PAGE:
For all the potential benefits of well-designed MPA networks, they pose many difficulties in assessing MPA performance31. Often, and even by definition, a network is placed across a biogeographic region and designed to capture a variety of habitat types and environmental characteristics32,33. While this may be useful for protecting a wide range of species, assessment is challenging because the effect of each MPA in the network may be different, depending on the traits and life-histories of the species it contains, the variety of environmental characteristics it experiences, and the spatial distribution of human usage around and within it.

Another challenge in assessment of any MPA, whether contained within a network or not, is the difficulty in separating natural spatial variation from the effects of protection. This problem may be particularly pronounced if MPAs are placed non-randomly, for example if placed in locations that are either particularly rich or poor in biodiversity or biomass, or targeted to contain certain habitats. Such non-random placement can be the result of strategic design or political constraints. One solution to this problem is to implement an analytical design that includes data comparing communities inside and outside of protected areas, both before and after protection (i.e., Before-After-Control-Impact or ‘BACI’ design34,35). Unfortunately it is quite rare that suitable data exist from before MPA implementation (but see36,37). Here we explore a variant of the more commonly used control-impact approach: we compare trends over time inside and outside of protected areas after implementation35. By focusing on change over time, we can examine the effects of protection in a way that is much less susceptible to simple biases in MPA placement, such as MPAs being placed in locations with more or fewer fish. We note however, that this approach would not correct for more subtle biases such as MPAs being placed in locations where fish populations are increasing or expected to increase over time.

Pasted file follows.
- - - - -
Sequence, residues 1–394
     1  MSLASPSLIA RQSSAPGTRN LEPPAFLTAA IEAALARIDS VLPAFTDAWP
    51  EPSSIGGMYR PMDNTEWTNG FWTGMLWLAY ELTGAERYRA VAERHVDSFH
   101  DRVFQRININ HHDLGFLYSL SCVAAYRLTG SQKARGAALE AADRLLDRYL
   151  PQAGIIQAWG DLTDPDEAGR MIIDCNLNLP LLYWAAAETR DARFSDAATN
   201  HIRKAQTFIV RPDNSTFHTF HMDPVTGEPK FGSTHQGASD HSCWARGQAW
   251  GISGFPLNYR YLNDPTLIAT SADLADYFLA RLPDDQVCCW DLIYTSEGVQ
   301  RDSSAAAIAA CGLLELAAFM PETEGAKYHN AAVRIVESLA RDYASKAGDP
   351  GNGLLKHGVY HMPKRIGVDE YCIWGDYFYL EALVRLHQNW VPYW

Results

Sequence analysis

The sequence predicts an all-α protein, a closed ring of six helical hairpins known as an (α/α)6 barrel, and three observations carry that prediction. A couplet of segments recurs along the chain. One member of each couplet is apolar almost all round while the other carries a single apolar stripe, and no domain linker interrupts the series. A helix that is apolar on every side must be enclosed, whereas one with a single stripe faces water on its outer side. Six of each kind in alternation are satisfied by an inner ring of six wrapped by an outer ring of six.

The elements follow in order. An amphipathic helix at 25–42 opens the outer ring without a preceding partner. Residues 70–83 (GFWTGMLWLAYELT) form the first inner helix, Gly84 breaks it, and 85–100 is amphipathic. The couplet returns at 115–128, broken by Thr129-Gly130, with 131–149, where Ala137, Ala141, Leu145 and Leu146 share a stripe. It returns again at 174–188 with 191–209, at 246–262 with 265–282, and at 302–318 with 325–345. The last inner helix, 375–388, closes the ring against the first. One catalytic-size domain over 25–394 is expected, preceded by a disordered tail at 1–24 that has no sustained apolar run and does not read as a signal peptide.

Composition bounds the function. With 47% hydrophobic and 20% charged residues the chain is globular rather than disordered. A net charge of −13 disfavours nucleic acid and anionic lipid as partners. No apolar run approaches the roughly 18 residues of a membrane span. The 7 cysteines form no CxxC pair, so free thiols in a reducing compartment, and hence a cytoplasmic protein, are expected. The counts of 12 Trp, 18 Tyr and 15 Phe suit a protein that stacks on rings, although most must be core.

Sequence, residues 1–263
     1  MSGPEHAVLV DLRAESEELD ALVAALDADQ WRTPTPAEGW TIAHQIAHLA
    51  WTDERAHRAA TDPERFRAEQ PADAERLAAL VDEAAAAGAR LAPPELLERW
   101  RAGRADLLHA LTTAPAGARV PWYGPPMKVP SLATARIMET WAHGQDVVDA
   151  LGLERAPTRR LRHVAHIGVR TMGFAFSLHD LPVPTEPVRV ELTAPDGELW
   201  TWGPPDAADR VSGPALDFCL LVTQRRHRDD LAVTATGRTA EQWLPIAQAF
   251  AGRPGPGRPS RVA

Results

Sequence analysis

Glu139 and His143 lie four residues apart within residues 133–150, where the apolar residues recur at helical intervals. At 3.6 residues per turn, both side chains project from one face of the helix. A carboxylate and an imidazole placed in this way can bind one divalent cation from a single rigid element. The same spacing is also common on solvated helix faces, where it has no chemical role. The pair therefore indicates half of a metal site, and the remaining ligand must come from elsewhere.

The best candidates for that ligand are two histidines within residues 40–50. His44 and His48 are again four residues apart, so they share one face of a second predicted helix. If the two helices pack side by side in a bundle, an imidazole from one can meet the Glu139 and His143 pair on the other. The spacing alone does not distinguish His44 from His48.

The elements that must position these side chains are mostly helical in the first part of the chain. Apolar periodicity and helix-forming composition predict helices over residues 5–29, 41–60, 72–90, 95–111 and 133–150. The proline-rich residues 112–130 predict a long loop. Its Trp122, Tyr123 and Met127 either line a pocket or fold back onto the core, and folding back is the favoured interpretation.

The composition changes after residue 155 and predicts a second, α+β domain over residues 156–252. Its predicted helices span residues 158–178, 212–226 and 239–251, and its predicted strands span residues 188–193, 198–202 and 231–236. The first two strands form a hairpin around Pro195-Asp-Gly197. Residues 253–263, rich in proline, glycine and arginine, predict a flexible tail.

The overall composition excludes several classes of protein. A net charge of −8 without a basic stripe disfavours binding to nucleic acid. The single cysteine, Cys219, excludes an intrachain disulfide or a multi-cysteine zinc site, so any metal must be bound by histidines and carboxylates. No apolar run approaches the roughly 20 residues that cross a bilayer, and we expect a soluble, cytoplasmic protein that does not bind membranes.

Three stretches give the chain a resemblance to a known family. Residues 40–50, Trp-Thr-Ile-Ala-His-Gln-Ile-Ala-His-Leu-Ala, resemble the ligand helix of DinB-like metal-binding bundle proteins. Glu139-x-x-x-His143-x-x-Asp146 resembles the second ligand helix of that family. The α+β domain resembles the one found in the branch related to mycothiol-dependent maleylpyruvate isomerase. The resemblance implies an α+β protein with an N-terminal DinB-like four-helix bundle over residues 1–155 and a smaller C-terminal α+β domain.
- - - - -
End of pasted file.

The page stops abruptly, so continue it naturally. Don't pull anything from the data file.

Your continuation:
Regardless of the basic statistical design, another significant and underexplored problem remains when comparing protected areas to reference areas (i.e., controls): MPAs are expected to and are often explicitly designed to affect populations outside their boundaries. This effect may be positive, through the export or spillover of MPA production and the movement of larvae or adults to fished areas38,39; or it may be negative, due to displaced fishing effort increasing pressure in non-protected areas25,26. Thus a simple comparison of conditions inside versus outside of MPAs, such as the commonly used response ratios, may mask actual deterioration or improvement in ‘control’ areas40. The temporal data that are at the heart of our analyses can address this problem directly by examining the trajectories of change in MPAs and nearby fished areas. When a network design allows these comparisons to be extended geographically across biogeographic regimes and gradients of fishing pressure, we can begin to identify the critical factors affecting the performance of MPAs. Previous work has implied that choosing control locations that are likely to be affected by the MPA should be avoided and that areas outside of the influence of the MPA would be better controls35. However, when MPAs are placed in extensive regional networks, there may be no areas that are not influenced by a MPA.